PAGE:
Saturday, 4 July 2015

Just for me to kick in space

Have you ever been to Swindon? It's the butt of many jokes and much derision. A staging post on Brunel's great endeavour to Bristol, and now largely regarded as a somewhat soulless and graceless place. A blot on the landscapes of the Marlborough Downs and nearby Vale of the White Horse.

I've been there countless times for it is the land of my father. The places where all this used to be fields. Where you could go to the shops, have a meal out, two pints, trip to the cinema and still have change from sixpence. Where you could play football against the outside of the wall or across the vegetable patch and receive nothing but admiring comments from the grown-ups inside.

A house full of hugs, total adoration without expectation,  instead of disapproving parental glances. In other words the land of benign grandparents.

So I have fond memories of the place. Especially the walks we used to take along the tops of the downs along the Ridgeway to Uffington Castle. I've never had a tattoo, and I am now unlikely to get one, but for a while I thought about having the Uffington White horse adorn my arm.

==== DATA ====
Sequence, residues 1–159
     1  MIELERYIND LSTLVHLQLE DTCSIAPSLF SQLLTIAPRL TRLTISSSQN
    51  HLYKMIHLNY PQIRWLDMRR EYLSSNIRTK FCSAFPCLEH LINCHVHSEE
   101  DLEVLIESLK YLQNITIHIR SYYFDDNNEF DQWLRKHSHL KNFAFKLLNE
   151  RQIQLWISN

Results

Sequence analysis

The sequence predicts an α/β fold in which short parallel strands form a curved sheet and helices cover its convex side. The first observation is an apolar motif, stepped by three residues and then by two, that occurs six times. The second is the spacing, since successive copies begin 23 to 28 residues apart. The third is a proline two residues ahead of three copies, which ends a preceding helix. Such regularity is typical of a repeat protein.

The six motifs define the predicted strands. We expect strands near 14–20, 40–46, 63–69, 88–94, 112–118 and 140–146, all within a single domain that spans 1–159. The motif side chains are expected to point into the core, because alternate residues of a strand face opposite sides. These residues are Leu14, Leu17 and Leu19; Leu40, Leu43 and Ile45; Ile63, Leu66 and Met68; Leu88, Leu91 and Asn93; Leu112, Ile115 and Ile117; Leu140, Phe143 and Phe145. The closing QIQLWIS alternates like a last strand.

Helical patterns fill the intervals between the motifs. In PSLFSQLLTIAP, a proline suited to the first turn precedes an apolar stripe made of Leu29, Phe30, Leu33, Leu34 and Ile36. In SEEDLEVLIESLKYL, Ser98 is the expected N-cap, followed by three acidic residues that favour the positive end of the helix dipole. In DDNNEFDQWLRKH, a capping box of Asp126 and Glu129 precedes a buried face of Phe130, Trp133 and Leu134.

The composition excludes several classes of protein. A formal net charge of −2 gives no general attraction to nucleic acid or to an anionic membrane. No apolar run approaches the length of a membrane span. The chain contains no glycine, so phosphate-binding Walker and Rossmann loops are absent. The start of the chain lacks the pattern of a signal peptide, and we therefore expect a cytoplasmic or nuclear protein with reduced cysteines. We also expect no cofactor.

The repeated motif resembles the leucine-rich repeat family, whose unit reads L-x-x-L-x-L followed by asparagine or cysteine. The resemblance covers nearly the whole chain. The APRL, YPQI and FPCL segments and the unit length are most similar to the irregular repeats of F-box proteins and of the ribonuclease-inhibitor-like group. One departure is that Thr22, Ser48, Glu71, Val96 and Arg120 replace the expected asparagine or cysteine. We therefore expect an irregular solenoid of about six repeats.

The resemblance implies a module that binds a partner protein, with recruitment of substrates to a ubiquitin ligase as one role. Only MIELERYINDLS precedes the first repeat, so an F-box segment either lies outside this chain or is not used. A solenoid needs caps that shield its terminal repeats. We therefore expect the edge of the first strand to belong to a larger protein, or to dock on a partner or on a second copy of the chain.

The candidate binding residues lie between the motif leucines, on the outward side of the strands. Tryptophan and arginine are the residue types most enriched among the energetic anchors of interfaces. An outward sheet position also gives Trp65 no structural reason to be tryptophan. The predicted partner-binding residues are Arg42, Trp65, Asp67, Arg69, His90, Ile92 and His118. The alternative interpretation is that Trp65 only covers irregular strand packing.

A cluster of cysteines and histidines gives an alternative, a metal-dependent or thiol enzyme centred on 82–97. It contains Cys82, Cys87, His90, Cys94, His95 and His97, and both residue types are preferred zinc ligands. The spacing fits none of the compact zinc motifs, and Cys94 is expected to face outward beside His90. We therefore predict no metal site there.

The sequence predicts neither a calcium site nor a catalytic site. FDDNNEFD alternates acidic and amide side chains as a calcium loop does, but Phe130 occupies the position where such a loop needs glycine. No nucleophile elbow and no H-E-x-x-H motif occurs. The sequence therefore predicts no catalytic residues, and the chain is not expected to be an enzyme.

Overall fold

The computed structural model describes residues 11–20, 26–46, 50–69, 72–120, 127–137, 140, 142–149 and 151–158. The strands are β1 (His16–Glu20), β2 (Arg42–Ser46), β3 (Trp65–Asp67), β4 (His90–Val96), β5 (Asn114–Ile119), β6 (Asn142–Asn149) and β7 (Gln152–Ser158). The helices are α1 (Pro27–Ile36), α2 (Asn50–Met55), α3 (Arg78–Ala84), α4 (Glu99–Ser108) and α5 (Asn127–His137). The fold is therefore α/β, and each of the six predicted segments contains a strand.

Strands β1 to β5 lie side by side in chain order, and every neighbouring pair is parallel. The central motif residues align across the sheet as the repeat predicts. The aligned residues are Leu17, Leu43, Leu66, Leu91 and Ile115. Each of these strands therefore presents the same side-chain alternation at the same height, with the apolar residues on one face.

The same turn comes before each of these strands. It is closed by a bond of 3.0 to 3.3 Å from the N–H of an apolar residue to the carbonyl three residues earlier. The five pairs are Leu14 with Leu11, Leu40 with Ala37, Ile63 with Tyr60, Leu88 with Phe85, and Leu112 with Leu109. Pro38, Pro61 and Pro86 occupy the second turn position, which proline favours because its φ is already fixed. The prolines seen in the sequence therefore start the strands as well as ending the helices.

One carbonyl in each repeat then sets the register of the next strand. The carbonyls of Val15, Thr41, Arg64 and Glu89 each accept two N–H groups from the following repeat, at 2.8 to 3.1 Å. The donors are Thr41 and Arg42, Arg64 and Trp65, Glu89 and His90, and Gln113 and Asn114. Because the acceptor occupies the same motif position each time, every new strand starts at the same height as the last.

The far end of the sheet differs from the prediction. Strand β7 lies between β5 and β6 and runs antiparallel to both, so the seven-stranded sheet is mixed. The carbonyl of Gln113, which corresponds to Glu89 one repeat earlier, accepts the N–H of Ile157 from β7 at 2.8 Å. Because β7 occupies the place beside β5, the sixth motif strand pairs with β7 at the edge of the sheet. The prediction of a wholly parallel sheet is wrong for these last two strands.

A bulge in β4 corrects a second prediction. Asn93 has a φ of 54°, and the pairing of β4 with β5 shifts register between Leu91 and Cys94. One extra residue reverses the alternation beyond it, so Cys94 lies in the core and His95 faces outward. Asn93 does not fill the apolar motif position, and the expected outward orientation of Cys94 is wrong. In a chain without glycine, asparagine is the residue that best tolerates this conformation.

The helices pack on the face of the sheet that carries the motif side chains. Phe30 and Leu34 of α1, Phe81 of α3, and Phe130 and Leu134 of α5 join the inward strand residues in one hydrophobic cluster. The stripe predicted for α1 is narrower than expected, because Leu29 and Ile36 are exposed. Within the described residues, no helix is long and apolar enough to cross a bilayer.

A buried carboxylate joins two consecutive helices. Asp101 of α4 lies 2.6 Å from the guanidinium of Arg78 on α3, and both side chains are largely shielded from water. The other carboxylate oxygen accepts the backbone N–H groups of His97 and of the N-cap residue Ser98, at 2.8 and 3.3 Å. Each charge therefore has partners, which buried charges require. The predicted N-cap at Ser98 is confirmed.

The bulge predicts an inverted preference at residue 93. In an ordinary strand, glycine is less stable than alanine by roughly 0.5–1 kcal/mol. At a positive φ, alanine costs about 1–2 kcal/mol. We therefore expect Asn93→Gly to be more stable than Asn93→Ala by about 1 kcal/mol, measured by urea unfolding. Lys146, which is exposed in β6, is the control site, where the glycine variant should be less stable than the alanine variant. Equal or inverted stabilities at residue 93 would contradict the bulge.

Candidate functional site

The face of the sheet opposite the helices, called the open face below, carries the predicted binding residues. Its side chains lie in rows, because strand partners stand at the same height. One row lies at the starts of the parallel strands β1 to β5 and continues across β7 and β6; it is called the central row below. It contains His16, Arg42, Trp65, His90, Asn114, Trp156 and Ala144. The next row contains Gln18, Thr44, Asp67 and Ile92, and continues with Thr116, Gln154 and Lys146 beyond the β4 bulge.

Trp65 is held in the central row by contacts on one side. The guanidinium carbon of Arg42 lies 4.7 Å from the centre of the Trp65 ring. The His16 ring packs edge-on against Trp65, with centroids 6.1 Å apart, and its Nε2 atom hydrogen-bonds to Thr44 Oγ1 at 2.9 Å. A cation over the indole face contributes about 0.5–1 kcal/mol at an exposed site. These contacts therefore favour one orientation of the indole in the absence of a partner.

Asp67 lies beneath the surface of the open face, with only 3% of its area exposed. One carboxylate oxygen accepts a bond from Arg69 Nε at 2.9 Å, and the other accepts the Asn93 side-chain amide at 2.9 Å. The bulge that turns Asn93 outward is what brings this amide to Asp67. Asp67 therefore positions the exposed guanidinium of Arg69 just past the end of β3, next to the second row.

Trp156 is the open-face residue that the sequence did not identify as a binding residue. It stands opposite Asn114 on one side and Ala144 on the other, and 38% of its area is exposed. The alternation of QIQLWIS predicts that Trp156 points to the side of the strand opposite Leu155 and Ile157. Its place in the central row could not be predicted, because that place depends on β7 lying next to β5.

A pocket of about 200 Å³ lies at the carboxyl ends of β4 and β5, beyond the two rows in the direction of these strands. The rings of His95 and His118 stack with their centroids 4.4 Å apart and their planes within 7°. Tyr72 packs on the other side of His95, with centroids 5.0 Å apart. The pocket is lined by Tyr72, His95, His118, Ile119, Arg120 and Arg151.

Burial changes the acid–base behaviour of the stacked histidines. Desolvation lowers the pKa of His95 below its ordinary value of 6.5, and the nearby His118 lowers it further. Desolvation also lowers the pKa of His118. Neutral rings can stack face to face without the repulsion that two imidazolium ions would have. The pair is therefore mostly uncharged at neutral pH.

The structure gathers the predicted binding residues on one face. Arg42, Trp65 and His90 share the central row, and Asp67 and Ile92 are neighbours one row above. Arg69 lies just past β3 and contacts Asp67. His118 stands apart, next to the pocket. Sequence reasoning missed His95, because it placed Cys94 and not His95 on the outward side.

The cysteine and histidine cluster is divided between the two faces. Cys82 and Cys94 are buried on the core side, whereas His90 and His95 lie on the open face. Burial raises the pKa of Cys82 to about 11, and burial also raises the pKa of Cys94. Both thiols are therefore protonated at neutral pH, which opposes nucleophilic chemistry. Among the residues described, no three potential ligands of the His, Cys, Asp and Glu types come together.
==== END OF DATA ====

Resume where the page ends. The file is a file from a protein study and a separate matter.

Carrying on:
The latest in my top ten songs all comes out of that conflation, mixed with some post-punk sensibility, and some of the finest song-writing never to get the acclaim it deserves.

I didn't realise that XTC were from Swindon when I first got into them, but I should have guessed. I think they still live in that vicinity. Dreadful stage-fright on the part of Andy Partridge, one of the founders and effectively the last man standing when they stuttered to a halt in the early 2000s, curtailed their performances after 1982. But I think that probably drove them to even greater heights of studio-based creativity.

Never that commercially successful, Senses Working Overtime (album version - which has extra lyrics and music compared to the shorter single version) is one of their better known songs. And unusually, I just enjoy it for its melodic appeal, it's just a joyful piece of work. How unlike me.

They do good political and cutting-edge stuff too, it's just that this one reminds me of my walk along the Ridgeway, or doing the White Horse Challenge, my grandparents, and all that good stuff. Things that make you glad to be alive, even if overwhelmed. And some of its lyrics do remind me of what goes on inside my own head at times. Oops, there I go with my meaningful stuff again.

Of course it helped that the album from whence it came, "English Settlement" had that picture on it. With only embossed words on the original (which I had and can't find on the internet), not in white writing like in subsequent re-pressings, or the CD that's now available. Only the genuinely obsessive would know that, and for a while I was obsessed with XTC. So I apologise for this non-original picture.

I even managed to find the album version for you to listen to though.

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